4. A new reference-spur cancelation technique is presented for supply-regulated ring-oscillator-based integer-N phaselocked loops (PLLs). A passive RC filter is used to implement a feed-forward (FF) spur-coupling path to perform spur cancelation at the PLL control signal. The proposed technique achieves a simulated spur cancelation of about 22 dB at the first spur harmonic. The simulated postcancelation spur value is -79 dBc for an oscillator gain of 0.1 GHz/V and -46 dBc for an oscillator gain of 6 GHz/V. Spur cancelation is also robust against large process, voltage, and temperature variations in the gain and bandwidth of the FF path. Amore »1-GHz integerN PLL prototype in a 65-nm CMOS process has a measured cancelation of 19.5 and 13 dB at the first and the second spur harmonic, respectively, with 320 μW of total power consumption. The PLL prototype has an oscillator gain of 1.5 GHz/V, which results in a postcancelation spur of -53 dBc. The proposed zero-power technique is suitable for low-power PLLs as it achieves a large spur cancelation without requiring any additional power consumption or calibration.« less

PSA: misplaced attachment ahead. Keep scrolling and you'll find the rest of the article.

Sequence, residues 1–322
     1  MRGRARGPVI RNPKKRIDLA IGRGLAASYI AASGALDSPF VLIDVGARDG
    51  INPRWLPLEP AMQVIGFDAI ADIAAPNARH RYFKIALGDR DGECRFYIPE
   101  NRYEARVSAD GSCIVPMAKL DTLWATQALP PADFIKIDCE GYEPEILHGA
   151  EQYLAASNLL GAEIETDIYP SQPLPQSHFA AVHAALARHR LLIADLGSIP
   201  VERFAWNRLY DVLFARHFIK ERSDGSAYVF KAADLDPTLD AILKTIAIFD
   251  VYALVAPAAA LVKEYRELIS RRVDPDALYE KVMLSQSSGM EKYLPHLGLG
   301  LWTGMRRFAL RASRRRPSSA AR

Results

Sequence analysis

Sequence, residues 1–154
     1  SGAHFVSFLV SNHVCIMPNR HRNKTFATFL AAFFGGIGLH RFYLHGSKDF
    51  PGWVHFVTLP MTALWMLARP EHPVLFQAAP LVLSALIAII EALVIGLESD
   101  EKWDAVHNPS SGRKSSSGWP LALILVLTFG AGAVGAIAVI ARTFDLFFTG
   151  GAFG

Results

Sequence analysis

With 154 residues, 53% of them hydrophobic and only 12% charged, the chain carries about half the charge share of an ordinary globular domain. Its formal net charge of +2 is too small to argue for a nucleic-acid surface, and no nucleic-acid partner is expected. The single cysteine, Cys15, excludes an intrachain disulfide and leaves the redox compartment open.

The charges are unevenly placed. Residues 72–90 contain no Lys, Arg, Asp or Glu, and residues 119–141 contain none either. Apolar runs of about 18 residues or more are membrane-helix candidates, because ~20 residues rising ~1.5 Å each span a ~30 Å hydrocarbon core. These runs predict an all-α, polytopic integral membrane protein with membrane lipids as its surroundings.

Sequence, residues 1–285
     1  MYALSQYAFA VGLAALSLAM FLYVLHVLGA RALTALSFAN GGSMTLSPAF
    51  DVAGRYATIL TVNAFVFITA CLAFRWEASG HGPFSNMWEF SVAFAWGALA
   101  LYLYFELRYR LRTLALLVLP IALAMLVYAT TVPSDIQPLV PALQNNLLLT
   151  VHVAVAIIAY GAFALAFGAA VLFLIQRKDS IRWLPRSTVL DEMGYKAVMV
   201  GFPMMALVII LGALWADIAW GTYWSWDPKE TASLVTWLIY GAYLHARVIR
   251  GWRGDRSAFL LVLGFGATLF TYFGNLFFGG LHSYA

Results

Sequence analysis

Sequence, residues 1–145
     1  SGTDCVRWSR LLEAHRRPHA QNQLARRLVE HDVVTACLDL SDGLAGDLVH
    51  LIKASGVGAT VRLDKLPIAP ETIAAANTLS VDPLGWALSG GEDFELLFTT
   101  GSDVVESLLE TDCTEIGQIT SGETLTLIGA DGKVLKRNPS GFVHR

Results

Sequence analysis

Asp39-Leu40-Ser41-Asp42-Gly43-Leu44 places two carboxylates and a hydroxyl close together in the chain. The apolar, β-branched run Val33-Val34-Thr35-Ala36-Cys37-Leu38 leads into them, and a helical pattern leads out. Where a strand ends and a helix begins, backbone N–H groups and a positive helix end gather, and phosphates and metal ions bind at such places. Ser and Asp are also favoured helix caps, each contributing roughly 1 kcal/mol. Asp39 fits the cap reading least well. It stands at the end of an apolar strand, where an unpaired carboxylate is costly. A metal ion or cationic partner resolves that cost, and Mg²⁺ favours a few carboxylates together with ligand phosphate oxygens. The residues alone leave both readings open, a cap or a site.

5. Abstract In this paper we report the first close, high-resolution observations of downward-directed terrestrial gamma-ray flashes (TGFs) detected by the large-area Telescope Array cosmic ray observatory, obtained in conjunction with broadband VHF interferometer and fast electric field change measurements of the parent discharge. The results show that the TGFs occur during strong initial breakdown pulses (IBPs) in the first few milliseconds of negative cloud-to-ground and low-altitude intracloud flashes, and that the IBPs are produced by a newly-identified streamer-based discharge process called fast negative breakdown. The observations indicate the relativistic runaway electron avalanches (RREAs) responsible for producing the TGFs are initiatedmore »by embedded spark-like transient conducting events (TCEs) within the fast streamer system, and potentially also by individual fast streamers themselves. The TCEs are inferred to be the cause of impulsive sub-pulses that are characteristic features of classic IBP sferics. Additional development of the avalanches would be facilitated by the enhanced electric field ahead of the advancing front of the fast negative breakdown. In addition to showing the nature of IBPs and their enigmatic sub-pulses, the observations also provide a possible explanation for the unsolved question of how the streamer to leader transition occurs during the initial negative breakdown, namely as a result of strong currents flowing in the final stage of successive IBPs, extending backward through both the IBP itself and the negative streamer breakdown preceding the IBP.« less
  6. Free, publicly-accessible full text available March 1, 2023